Sexual Harassment – where are we now?

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2020 National Women's Conference
22 October 2019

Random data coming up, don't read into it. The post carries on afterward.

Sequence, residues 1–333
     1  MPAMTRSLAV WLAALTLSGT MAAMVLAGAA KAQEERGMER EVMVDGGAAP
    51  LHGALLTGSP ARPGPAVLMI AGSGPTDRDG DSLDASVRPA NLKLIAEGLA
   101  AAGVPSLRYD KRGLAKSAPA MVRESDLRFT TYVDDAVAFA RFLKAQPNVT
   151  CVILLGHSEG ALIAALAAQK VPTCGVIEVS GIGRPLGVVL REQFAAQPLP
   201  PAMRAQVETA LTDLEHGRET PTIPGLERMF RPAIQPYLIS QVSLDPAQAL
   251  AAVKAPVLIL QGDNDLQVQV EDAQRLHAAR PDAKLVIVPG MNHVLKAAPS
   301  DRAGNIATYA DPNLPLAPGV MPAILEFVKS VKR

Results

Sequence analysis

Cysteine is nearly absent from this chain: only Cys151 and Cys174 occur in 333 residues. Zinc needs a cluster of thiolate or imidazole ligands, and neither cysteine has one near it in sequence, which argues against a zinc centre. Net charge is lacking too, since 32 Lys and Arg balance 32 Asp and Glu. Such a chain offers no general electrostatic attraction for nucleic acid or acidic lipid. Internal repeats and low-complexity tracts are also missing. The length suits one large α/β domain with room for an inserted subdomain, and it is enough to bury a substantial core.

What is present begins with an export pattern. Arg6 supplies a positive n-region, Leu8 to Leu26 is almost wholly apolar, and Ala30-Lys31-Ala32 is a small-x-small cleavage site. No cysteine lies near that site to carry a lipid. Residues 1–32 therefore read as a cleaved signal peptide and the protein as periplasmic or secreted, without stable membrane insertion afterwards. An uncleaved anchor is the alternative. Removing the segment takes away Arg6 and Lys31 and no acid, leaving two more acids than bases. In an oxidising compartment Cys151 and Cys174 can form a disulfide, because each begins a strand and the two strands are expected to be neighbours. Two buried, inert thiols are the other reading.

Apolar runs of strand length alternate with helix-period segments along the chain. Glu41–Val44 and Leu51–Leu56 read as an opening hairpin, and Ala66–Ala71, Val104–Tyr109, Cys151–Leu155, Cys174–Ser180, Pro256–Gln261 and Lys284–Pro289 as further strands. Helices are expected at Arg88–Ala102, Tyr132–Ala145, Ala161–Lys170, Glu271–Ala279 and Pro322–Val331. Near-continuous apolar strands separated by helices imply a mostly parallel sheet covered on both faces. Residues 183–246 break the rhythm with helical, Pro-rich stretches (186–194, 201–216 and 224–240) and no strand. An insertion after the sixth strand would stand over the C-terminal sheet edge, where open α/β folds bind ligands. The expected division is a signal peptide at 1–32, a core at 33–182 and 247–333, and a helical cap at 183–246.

Conference, in 2017 a motion was proposed to this conference following the publication of a report by the TUC in 2016 entitled ��Still Just A Bit of Banter��. This report highlighted the ubiquitous sexual harassment that was going on in our workplaces, and even more concerning, the lack of reporting of this harassment to employers or trade unions. A quick reminder of the shocking statistics:1) 52% of women had experienced sexual harassment in the workplace, with that figure rising to 63% for young women (18-24).2) 79% of those who had been sexually harassed did not report it to their employer. 3)16% of those who reported sexual harassment to their employer were treated worse afterwards.Over the last year, the #MeToo movement has really shone the spotlight on many women�s experiences of sexual harassment, encouraging those who have felt marginalised and been silenced to speak out.Sexual harassment is any unwanted conduct of a sexual nature that makes you feel intimidated, degraded, humiliated or offended. And the Equality Act 2010 says that employers are legally responsible if an employee is sexually harassed by another employee, and the employer had not taken all steps they could to prevent it from happening. Some brave women have spoken at conference of their own horrible experiences, and we know from the daily reports that it has not gone away.The TUC has launched a campaign to request a new law to prevent sexual harassment in the workplace before it happens, which would require employers to take all reasonable steps to protect workers from sexual harassment and victimisation. Unison has also launched the #UsToo campaign, to make workplaces harassment free zones. This campaign emphasises the inadequacy of the current laws and asks for a change. I would urge you to add your voice to this campaign.There have been some brilliant examples of campaigns in some of our branches and regions on this issue. Eastern Region Young Members produced a campaign entitled: �Uncomfortable Yet?�, and all members should look at this campaign and distribute the literature amongst your branches if you have not already done so. Another great example is of a local branch working with the local authority employer following the results of an employee survey, to implement comprehensive policy guidance on sexual harassment, instead of just throwing it in generically with bullying and harassment, which as we all know contributes to an attitude that sexual harassment in particular isn�t really a problem.As Trade Union representatives we must all continue to fight this unacceptable behaviour in the workplace, talk to your members, provide literature and consider a workshop on sexual harassment so that women feel that they can speak out, and the perpetrators become aware that we are not going away. We will not allow them to carry on with their reprehensible and illegal behaviour, that where Unison is in the workplace, sexual harassment will not be tolerated. Conference therefore calls upon National Women�s Committee to:a)Seek feedback from regions about steps that they have taken to tackle this issue and provide support to enable further awareness raising and training.b)Work with the Young Member�s Committee to carry on campaigning to keep Sexual Harassment on the agenda.c)Be a champion for branches where best practice has been implemented so that it can be rolled out to all branches.